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Publisher
Emerald Publishing
Copyright
Copyright © Emerald Group Publishing Limited
ISSN
0965-3562
DOI
10.1108/DPM-03-2018-0077
Publisher site
See Article on Publisher Site

Abstract

PurposeTropical storms Urduja and Vinta battered the Philippines in December 2017. Despite advances in disaster risk reduction efforts of the country, the twin December storms caused numerous deaths in the Visayas and Mindanao regions. Analysis of these events shows that alerts raised during the Pre-Disaster Risk Assessment (PDRA) for both storms were largely ineffective because they were too broad and general calling for forced evacuations in too many provinces. Repeated multiple and general warnings that usually do not end up in floods or landslides, desensitize people and result in the cry-wolf effect where communities do not respond with urgency when needed. It was unlike the previous execution of PDRA from 2014 to early 2017 by the National Disaster Risk Reduction and Management Council (NDRRMC), which averted mass loss of lives in many severely impacted areas because of hazard-specific, area-focused and time-bound warnings. PDRA must reinstate specific calls, where mayors of communities are informed by phone hours in advance of imminent danger to prompt and ensure immediate action. Mainstreaming Climate Change Adaptation and Disaster Risk Reduction information using probabilistic (multi-scenario) hazard maps is also necessary for an effective early warning system to elicit appropriate response from the community. The paper aims to discuss these issues.Design/methodology/approachMethods of early warning through the PDRA of the National Disaster Mitigation and Management Council (NDRRMC) of the Philippines during tropical storm Urduja and Typhoon Vinta were assessed in this study and compared to the previous PDRA system from 2014 to early 2017.FindingsIt was found out that the numerous casualties were due to inadequate warning issued during the approach of the tropical cyclones. During an impending hazard, warnings must be accurate, reliable, understandable and timely. Despite the availability of maps that identified safe zones for different communities, warnings raised during the PDRA for both tropical cyclones were deemed too general calling for evacuations of whole provinces. As such, not all communities were evacuated in a timely manner because of failure in the key elements of an effective early warning system.Originality/valueTo avoid future disasters from happening, it is recommended that the PDRA reinstate its hazards-specific, area-focused and time-bound warnings. Similarly, to increase the resilience of communities, more work on mainstreaming of Climate Change Adaptation and Disaster Risk and Vulnerability Reduction systems for communities must be done as well. Learning from the lessons of these previous disasters will enable communities, their leaders and every stakeholder, not to repeat the same mistakes in the future.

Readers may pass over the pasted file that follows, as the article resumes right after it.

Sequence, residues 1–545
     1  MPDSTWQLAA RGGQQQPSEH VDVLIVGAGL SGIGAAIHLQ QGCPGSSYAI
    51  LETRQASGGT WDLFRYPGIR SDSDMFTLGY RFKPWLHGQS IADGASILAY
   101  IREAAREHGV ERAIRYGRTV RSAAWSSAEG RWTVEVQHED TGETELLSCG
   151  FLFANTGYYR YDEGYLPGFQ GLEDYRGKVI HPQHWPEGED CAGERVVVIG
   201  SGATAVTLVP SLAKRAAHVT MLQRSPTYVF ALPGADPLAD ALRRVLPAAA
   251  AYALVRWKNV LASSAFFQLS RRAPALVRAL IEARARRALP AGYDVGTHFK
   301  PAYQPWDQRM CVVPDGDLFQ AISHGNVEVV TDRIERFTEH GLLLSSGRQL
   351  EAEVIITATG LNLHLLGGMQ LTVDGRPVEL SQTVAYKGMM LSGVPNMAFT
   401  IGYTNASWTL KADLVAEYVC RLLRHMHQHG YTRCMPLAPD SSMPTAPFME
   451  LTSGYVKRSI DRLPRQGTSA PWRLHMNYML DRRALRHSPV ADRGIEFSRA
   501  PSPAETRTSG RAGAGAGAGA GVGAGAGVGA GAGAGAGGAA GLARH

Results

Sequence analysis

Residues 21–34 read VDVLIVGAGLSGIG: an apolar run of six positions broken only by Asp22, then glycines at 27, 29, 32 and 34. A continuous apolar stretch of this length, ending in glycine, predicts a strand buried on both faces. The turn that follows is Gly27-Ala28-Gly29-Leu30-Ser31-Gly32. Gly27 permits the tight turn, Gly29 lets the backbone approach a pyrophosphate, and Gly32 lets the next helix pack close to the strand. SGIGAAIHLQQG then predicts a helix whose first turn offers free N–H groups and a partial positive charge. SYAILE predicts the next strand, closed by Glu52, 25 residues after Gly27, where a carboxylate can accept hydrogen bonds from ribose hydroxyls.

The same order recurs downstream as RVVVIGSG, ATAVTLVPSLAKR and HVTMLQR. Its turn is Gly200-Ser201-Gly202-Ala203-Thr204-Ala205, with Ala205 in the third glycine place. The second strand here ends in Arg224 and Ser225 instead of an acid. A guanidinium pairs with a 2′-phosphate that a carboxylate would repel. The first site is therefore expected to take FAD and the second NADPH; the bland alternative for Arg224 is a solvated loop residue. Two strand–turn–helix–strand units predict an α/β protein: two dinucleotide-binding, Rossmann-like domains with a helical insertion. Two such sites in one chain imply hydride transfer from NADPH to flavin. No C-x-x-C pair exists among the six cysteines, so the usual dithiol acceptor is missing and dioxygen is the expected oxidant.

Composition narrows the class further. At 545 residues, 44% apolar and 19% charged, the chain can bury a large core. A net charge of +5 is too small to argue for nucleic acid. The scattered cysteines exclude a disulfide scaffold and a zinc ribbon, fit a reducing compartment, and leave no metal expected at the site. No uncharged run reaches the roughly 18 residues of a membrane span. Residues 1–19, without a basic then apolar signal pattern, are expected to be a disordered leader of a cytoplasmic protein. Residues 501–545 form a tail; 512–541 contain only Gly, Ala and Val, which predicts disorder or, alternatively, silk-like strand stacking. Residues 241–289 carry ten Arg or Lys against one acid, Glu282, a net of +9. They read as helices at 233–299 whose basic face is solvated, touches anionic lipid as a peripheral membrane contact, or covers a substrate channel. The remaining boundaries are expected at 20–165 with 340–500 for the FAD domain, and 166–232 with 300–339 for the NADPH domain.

Journal

Disaster Prevention and ManagementEmerald Publishing

Published: Apr 1, 2019